Last month, I posted about 3 unique effects I have loved achieving using my collection of Tombow Dual Brush Pens. This simple blog post was my most viewed post in February (and so far in March), so I've challenged myself to come up with 3 more unique effects that can be achieved using Tombow's most popular pens, in addition to a few other fun items you could very well have in your possession already!
Let's jump in!
1. Speckling AKA: Confetti
Speckling, which looks a lot like Confetti, is done by placing tiny dots in concentrated areas of your letters. It works best when you layer a darker color dot on top of a lighter color. The only thing you have to be cautious of is staying inside the lines! Other than that, this technique is as easy as pie.
Just use the Fine Point side of your Tombow Dual Brush Pen and dot your little heart out.
Feel free to experiment with more than two colors, and with various placements on your word. I love the orange/pink or salmon/pink color combo because it reminds me of Kate Spade, one of my all-time favorite brands!
2. Distress using Tombow Mono Sand Eraser
I received the Tombow Mono Sand Eraser last month and I absolutely love it! This gritty eraser is tough enough to pick up ink, marker smudges, and other accidents you make on your paper. But not only can you erase mistakes with this tool, you can "make" mistakes with it as well. I love using this eraser on letters to give them a faded or "distressed" look. It's something you don't see every day, for sure!
As you can see here, all you need to do is start erasing! I went over certain letters with more pressure and force than I did others to achieve that distressed feel. I also dragged the corners of my eraser across in straight lines for an added uniqueness! I love how easy this is!
3. Palette-less Blending
You know I'm a huge fan of using a plastic baggie with my Tombows, but just in case you are in a pinch and don't have any blending surfaces handy, there is a solution!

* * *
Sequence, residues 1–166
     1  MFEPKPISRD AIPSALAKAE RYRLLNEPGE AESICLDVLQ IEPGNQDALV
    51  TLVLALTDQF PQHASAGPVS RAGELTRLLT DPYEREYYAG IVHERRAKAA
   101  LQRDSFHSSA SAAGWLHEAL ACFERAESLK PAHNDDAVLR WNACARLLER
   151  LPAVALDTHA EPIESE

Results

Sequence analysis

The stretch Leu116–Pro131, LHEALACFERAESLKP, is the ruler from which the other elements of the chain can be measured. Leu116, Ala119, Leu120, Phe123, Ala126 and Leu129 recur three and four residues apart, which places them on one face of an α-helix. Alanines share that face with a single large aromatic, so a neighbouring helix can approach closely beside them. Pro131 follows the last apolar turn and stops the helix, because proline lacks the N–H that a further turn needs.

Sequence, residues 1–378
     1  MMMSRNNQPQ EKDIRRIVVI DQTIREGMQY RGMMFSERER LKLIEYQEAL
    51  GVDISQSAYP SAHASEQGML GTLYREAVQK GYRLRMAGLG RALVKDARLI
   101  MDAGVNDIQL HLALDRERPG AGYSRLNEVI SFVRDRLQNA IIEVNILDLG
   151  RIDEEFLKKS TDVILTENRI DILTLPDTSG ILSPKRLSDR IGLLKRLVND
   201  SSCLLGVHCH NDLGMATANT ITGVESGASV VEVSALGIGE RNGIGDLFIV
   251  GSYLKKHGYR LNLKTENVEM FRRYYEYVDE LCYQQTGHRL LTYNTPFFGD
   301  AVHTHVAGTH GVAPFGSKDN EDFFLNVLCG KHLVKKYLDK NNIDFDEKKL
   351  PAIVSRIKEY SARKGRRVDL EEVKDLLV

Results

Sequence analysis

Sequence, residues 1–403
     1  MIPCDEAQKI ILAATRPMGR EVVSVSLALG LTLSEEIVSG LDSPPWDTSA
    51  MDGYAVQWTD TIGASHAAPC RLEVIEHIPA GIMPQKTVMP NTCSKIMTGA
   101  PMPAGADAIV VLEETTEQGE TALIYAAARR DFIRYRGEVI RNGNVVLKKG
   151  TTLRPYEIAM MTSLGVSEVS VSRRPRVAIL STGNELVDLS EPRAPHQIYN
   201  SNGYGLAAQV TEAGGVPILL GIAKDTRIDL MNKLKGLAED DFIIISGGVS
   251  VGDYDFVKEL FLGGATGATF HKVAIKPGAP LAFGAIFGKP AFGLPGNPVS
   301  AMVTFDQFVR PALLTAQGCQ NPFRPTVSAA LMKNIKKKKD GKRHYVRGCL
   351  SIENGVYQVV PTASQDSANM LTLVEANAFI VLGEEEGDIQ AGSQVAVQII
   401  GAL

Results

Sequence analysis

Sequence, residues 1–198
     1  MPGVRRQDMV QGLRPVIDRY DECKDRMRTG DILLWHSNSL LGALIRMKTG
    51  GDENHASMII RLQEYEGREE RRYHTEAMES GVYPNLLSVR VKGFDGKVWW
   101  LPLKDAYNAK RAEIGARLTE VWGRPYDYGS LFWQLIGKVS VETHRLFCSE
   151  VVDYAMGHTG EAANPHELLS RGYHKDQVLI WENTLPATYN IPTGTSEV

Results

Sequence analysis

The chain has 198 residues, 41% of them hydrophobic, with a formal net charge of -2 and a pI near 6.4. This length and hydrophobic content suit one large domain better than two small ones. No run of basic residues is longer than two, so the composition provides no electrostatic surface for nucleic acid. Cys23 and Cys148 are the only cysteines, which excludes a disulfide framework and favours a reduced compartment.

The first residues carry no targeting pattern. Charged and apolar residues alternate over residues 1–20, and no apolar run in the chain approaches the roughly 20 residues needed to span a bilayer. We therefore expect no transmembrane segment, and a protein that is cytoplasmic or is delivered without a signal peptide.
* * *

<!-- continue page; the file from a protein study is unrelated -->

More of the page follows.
Start with two like colors. For this one, I used yellow and pink! Together, I know they will make a beautiful peachy-orange color.
In the first step here, I am rubbing the pink nib onto my yellow nib. It's always my first instinct to pick up the darker color with the lighter color, but in this instance, the PINK pen is what we'll be writing with.
Just like any other blending process, the "guest" color will eventually fade out and you'll be left with your original color, creating a beautiful gradient.
As always, you'll want to experiment with the colors in your collection. For this palette-less blending process, the YELLOW actually doesn't pick up much pink at all (pictured above). However, the yellow will pick up lots of the pink when you blend the old-fashioned way on a blending surface of some sort. I was surprised, but pleasantly so, when the PINK marker (the darker of the two) was the one that worked best for palette-less blending. You never how two colors will react with one another, so give it a try and let me know how yours turns out!
What are your favorite effects to achieve with your brush pens? Let me know in the comments below!